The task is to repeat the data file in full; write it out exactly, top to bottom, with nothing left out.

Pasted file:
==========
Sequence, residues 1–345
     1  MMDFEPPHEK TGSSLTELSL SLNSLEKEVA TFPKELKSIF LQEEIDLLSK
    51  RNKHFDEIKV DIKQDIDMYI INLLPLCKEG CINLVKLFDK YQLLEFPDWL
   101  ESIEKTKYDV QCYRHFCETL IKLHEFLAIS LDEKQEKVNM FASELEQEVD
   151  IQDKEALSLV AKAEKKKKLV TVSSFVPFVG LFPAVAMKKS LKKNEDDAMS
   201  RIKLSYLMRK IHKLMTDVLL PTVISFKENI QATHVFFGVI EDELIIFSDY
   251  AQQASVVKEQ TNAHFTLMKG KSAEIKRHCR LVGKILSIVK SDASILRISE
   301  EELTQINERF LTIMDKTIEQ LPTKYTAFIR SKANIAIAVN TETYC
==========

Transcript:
Sequence, residues 1–345
     1  MMDFEPPHEK TGSSLTELSL SLNSLEKEVA TFPKELKSIF LQEEIDLLSK
    51  RNKHFDEIKV DIKQDIDMYI INLLPLCKEG CINLVKLFDK YQLLEFPDWL
   101  ESIEKTKYDV QCYRHFCETL IKLHEFLAIS LDEKQEKVNM FASELEQEVD
   151  IQDKEALSLV AKAEKKKKLV TVSSFVPFVG LFPAVAMKKS LKKNEDDAMS
   201  RIKLSYLMRK IHKLMTDVLL PTVISFKENI QATHVFFGVI EDELIIFSDY
   251  AQQASVVKEQ TNAHFTLMKG KSAEIKRHCR LVGKILSIVK SDASILRISE
   301  EELTQINERF LTIMDKTIEQ LPTKYTAFIR SKANIAIAVN TETYC